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Iranians Abandon Political Factions Ahead Of Elections

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A moderate conservative politician in Iran asserts that the concepts of reformism and conservatism have lost their meaning for the people, struggling for a living.

Former lawmaker Heshmatollah Falahatpisheh told the press that both of the main political factions in Iran have fallen victim to their leaders’ opportunism. He charged that leaders of both factions have exploited their members with populist policies that only served their personal interests.

Falahatpisheh did not name anyone in the two leading factions, but Iranian protesters have been voicing their disillusionment and disappointment about conservatives and Reformists in major protests in Iran since 2018 by chanting “It’s all over for both reformists and conservatives.”

He said that populism and prioritizing personal gains by key politicians have become the perils of political participation at election times. He added that major politicians of both camps can no longer exercise any influence on the voters.

Falahatpisheh further argued that the opportunists have always had short-term interests in politics and never tried to leave a lasting impact on the people’s lives. “Their greed for power and wealth has done a lot of damage to the country,” he said. To support his point, Falahatpisheh pointed out that the members of both of leading political factions have been involved in major financial corruption cases.

Former lawmaker Heshmatollah Falahatpisheh

Nonetheless, and although Iranian media commentators and politicians generally believe that there is no room for participation and competition in the upcoming parliamentary election for Iran’s reformists, all of whose candidates have reportedly been barred from running for the parliament, still, part of the reform camp, in particular three moderate parties, are keen to take part in the March 1 elections. 

This comes while major reformists parties and their leading politicians have said that they are not going to take part in the elections. Reformist leader and former president Mohammad Khatami has said that there is no point in political participation when the regime is not prepared to introduce any change in the political system. Jailed reformist figure Mostafa Tajzadeh has openly talked about boycotting the elections.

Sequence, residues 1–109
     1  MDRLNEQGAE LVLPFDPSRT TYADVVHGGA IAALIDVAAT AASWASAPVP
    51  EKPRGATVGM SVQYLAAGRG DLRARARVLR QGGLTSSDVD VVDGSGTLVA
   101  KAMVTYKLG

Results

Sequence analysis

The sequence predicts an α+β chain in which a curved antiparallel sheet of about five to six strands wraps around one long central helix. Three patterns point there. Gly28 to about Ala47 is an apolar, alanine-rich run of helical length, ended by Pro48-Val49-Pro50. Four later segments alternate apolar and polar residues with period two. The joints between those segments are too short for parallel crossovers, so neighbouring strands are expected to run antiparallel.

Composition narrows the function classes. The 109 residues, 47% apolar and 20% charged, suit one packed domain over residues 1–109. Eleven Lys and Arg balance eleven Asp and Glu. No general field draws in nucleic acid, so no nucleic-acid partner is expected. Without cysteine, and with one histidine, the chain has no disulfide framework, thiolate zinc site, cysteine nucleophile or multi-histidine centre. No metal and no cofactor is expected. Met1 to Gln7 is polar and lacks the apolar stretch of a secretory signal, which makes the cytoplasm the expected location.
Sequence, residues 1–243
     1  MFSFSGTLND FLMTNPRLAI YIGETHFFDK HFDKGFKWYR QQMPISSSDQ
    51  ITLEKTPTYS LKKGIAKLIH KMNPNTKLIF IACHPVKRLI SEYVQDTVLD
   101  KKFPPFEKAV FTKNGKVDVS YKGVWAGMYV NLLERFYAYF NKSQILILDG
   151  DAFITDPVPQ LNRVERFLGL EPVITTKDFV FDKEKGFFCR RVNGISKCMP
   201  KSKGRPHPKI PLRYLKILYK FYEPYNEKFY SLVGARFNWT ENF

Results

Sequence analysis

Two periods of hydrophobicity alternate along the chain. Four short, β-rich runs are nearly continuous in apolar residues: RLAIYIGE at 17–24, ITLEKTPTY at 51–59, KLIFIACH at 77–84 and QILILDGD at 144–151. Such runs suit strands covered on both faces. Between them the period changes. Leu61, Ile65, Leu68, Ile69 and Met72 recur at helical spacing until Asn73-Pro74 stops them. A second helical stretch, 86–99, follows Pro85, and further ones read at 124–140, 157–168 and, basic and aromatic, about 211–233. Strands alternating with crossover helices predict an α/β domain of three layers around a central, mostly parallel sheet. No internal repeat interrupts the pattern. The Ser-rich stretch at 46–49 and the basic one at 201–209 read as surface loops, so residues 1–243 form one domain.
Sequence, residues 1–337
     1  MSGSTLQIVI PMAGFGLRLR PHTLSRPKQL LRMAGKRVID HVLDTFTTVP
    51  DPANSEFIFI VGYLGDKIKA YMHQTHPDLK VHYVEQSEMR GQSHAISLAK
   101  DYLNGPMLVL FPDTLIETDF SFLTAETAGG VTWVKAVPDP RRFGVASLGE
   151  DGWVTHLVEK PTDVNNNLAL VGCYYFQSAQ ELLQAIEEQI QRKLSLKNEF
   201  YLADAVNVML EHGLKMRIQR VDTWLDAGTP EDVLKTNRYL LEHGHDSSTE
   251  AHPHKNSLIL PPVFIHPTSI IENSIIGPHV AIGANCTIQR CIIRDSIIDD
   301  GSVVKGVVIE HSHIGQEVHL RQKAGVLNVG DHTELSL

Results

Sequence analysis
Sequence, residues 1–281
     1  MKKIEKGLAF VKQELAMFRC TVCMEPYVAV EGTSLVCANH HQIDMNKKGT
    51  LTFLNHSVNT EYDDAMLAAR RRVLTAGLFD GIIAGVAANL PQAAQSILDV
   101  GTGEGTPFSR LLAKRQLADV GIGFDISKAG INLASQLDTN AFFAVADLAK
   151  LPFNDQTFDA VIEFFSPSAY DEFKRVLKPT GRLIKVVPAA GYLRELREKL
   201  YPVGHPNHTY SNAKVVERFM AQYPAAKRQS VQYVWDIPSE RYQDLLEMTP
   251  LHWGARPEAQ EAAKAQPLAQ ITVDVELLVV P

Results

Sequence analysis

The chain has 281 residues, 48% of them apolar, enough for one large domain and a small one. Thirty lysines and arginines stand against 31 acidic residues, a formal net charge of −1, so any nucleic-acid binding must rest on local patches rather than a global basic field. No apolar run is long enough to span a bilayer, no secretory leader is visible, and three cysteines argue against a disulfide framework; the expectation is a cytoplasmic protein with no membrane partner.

According to Nameh News, however, three moderate reformist parties, the Executives of Construction Party led by Hossein Marashi, Neda-ye Iranian Party led by Shahaboddin Tabatabai, and the Moderation and Development Party led by former Vice President Mohammad Bagher Nobakht are determined to nominate their candidates for the upcoming elections.

No well-known reformist or moderate candidates have been allowed to run in the first phase of the vetting by the Interior Ministry, and insiders of the reform camp say there is no one left to run. However, some Reformists say they will look for moderate faces among those whose qualifications will be endorsed by the Guardian Council in January. The Moderation and Development Party which is close to former President Hassan Rouhani says it will name 16 candidates for the list of 30 candidates for the seats that represent Tehran. They probably hope that the other two parties will fill the other 14 slots in the list as well as several others in the provinces.

Although conservative politicians usually dismiss plans and even wishful thinking of the Reformists and moderates to take part in the election, conservative activist Mohammad Ali Pourmokhtar has told Nameh News that conservatives should be weary of a surprise comeback by the reformists.

Pourmokhtar added that Reformists might be able to benefit from the situation if conservatives cannot achieve a consensus among themselves and announce several lists of candidates rather than one.

Such a surprise is not unprecedented. In 1997 when Iranian conservatives and their leaders were almost certain that they were going to win the presidency, a hitherto unknown reformist figure Mohammad Khatami’s landslide victory took the entire conservative camp by surprise. In the parliamentary elections, a substantial win means to have around half of the 290 seats at the Majles.

“This is not conceivable at least at this point,” a seasoned Iran analyst told Iran International.